In Daw v. Terrel,(1863) 55 ER 351 (352): 3 NR 285: 33 Beav 218, the facts were peculiar. X was entitled to three properties. The title deeds of one property were deposited with A as security for a loan. Then X borrowed from B, and deposited the title deeds of the other two properties at the same time, giving a direction to A to deliver the title deeds of the first property to B when his mortgage was satisfied.

It was held that an equitable mortgage was created in favour of B on all the three properties. Where the title deeds are already with the creditor for a purpose unconnected with any loan, and the debtor writes to the creditor that he may retain the deeds as security for the loan, a delivery must be deemed to have been made and an equitable mortgage is therefore created by such deposit.2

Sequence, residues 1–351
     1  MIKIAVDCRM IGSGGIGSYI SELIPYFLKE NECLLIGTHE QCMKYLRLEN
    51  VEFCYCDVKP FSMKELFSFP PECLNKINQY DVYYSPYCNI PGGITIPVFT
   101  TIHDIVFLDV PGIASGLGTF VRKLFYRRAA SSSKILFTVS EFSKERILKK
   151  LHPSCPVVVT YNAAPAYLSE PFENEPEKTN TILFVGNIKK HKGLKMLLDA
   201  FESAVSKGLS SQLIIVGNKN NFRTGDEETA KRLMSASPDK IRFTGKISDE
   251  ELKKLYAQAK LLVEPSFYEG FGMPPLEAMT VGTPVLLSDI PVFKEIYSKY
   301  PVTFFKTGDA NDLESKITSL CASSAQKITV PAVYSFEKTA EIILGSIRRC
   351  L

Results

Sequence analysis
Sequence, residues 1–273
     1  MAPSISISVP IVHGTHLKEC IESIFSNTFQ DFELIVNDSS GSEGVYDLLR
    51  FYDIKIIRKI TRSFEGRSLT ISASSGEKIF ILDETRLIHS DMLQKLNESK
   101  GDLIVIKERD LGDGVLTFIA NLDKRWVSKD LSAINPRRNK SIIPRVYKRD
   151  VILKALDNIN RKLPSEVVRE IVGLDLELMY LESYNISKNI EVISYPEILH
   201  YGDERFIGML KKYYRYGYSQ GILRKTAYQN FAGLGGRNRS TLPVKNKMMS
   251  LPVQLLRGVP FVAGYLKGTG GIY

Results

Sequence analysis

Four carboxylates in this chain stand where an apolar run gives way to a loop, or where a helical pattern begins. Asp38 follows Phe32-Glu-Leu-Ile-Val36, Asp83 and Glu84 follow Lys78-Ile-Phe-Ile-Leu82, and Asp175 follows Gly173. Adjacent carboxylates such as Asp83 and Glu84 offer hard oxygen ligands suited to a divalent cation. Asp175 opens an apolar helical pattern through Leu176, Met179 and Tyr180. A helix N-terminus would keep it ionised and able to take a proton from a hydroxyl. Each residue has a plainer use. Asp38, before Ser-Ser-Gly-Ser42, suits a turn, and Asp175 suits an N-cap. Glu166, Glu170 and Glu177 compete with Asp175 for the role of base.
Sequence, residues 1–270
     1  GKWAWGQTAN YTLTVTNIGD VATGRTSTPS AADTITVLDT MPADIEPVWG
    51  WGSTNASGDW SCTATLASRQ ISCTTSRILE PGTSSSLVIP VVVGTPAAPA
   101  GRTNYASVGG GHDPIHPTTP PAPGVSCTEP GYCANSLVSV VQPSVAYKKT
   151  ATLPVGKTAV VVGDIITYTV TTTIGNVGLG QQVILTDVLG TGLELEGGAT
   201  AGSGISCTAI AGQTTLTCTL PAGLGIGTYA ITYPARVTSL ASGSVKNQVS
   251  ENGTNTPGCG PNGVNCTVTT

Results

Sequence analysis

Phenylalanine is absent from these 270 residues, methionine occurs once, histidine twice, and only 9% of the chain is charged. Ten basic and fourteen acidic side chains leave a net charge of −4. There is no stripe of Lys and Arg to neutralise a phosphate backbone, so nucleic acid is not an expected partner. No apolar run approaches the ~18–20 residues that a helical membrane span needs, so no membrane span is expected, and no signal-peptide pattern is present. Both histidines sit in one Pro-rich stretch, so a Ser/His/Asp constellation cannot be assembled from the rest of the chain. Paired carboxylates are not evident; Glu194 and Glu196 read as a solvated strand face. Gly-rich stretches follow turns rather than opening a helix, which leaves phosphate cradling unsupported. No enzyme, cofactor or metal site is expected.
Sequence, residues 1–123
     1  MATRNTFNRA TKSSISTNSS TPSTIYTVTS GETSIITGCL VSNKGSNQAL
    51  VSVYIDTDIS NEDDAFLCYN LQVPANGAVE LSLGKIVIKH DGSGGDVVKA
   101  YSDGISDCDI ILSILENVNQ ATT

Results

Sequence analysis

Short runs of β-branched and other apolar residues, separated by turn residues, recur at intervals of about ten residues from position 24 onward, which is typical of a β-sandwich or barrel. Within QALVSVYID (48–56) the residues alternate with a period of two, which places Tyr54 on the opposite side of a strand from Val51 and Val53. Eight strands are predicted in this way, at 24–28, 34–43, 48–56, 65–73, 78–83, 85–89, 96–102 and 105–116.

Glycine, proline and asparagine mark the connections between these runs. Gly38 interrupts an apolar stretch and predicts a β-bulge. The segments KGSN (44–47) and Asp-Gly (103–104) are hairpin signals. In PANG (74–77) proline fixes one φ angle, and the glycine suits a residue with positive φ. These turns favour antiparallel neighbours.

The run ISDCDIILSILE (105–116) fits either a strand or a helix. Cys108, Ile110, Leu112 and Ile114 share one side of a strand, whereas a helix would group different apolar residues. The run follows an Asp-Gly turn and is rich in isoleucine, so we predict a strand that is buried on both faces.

Delivery of possession of the title deeds need not be actual physical delivery. Constructive delivery of possession is sufficient to create a valid equitable mortgage.3 If the creditor is already in possession of the title deed, it would be hypertechnical to insist upon the formality of delivery back to debtor and then again to creditor.

1. Beetham (in re:); Broderik (Ex parte:), (1886) 56 LJQB 353: 18 QBD 380.

2. 1964 Ker LJ 748 (751); Fenwick v. Potts, (1856) 44 ER 385 (490): 8 De GM&G 506: (1871) 16 Suth DR 203 (205).

3. AIR 1965 SC 430 (436).

54.81. Again, what is delivered must be a document of title. If the documents deposited show no kind of title in the depositor, no mortgage is created1. Where A deposits with B title deeds of Blackacre, assuring B that they are the title deeds of Whiteacre, but in reality they do not relate to Whiteacre, this would not create an equitable mortgage on Whiteacre.2

1. 1961 Ker LT 434 (443).

AIR 1932 Cal 589 (593) (Deposit of probate and redemption certificate relating to the property standing in the name of grandfather of the mortgagor held sufficient).

2. Jones v. Williams, (1857) 53 ER 274 (277, 278): 5 WR (Eng) 775.